Links to pages slating a telco slapped with multiple fines from UK regulators have been wiped from Google's search results after a claimant asked the search giant to chuck them down a sinkhole.
Dartford-based phone and broadband provider True Telecom was this month fined £300,000 by Ofcom.
And earlier this year the ICO, the UK's data protection watchdog, ordered the firm to pay £85,000 over complaints about "misleading" calls to potential customers that gave the impression they were from Openreach.
True Telecom, though, would surely prefer for Joe Public not to stumble across articles referring to these practices or investigations, and somebody has exercised their right to issue Google with a takedown request for three search results.
In a notice on Lumen Database, which aggregates legal complaints and requests for removal of online content, someone describing themselves as True Telecom's owner said that comments on the webpages are "not true".
These three sites are described as "gossip forums", although one is a discussion page on the generally respected advice site Money Saving Expert and another is a news article about the Ofcom probe on ISPreview, possibly for the comments below. (We wonder if El Reg will be next.)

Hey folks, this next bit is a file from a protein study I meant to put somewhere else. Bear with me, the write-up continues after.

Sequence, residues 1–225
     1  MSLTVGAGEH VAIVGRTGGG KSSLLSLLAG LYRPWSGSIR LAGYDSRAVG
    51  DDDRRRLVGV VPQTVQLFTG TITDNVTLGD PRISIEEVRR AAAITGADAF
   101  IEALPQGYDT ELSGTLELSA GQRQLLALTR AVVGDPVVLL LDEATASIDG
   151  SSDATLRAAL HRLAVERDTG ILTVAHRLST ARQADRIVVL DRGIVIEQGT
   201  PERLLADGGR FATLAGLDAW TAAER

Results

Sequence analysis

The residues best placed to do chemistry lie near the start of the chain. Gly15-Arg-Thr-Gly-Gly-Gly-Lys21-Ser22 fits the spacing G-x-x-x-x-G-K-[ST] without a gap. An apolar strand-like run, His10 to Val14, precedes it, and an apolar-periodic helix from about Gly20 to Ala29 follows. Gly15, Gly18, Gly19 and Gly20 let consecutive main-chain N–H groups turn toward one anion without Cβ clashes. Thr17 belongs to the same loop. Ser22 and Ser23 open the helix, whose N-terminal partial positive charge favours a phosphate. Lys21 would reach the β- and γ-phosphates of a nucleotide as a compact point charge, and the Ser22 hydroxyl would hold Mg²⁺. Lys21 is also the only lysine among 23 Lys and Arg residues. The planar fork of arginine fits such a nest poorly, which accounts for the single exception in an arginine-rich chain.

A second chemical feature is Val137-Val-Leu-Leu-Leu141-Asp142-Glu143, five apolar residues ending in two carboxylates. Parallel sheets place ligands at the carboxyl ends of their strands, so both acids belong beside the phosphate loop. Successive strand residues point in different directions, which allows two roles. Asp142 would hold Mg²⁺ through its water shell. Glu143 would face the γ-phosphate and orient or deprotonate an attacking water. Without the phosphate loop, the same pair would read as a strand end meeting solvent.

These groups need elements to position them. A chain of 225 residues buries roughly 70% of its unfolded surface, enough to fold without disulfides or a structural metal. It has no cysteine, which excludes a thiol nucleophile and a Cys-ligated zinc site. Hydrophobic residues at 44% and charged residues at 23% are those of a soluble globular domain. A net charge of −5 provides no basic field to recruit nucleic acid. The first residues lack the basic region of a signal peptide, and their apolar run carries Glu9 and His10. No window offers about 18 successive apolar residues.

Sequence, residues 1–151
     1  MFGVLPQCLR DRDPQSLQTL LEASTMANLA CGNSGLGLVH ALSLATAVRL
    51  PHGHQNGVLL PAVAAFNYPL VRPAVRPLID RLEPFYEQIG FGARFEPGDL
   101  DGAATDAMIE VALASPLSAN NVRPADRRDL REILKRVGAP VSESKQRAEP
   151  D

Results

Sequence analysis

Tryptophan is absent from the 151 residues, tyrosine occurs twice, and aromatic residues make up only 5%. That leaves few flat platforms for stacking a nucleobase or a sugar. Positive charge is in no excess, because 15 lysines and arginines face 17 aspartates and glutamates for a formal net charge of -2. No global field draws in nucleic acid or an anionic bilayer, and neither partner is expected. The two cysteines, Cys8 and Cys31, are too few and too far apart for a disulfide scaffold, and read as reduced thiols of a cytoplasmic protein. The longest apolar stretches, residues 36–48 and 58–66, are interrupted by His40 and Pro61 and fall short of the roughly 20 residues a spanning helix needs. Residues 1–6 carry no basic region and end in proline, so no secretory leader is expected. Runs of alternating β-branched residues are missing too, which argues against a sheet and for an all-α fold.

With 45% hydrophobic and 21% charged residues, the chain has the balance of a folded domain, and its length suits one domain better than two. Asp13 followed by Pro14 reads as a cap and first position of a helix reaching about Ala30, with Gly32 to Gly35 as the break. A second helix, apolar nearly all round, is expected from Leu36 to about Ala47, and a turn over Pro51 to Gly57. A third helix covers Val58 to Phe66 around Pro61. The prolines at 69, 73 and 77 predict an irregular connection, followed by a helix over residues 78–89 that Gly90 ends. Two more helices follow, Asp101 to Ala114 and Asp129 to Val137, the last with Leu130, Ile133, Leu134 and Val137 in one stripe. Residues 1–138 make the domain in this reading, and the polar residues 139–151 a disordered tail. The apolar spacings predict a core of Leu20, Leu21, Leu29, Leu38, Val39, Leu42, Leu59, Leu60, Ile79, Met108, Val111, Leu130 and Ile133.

Nonetheless, the claimant alleged the "customers in question have never existed in my database" – perhaps not a surprise given some of the complaints are from people who were cold-called by True Telecom.
Apparently unaware of the irony of chasing people who have complained about unsolicited marketing, the claimant added: "I have attempted to contact each complainer to try and resolve any issues that they might have but the clients don't exist."
The mission to find the source of the comments didn't stop there, however, with the notice adding they "have traced the IP addresses back to the competitor 'Think Telecom' based in the same area of the UK".
Another option floated is that the comments are from disgruntled ex-employees trying to besmirch True Telecom's name.
And so, ploughing on, we reach the denouement, as the claimant revealed a crucial piece of evidence to prove these commentators are fake news: "The laughable fact is that in several occasions they have used the same name and claimed to be pensioners yet the emails were sent at 4am in the morning." Iron-clad.
Google, sensibly*, complied with the request and the offending links no longer appear in its search results. The firm isn't required to investigate every complaint for legal validity, and indeed probably wouldn't have the expertise or resources to do so for every takedown request it receives.
But far be it from El Reg to suggest that submitting such requests to Google is an almost sure-fire way of getting uncomplimentary pages stripped from the world's most used search engine.
We've contacted True Telecom for comment on the takedown notice. We will update the piece if we get a response. ®
* The European legal framework — Article 14, 2000/31/EC — discourages an intermediary (such as Google) from investigating a complaint's validity. It incentivises them to simply remove the content as they could potentially face potential liability for not having done so.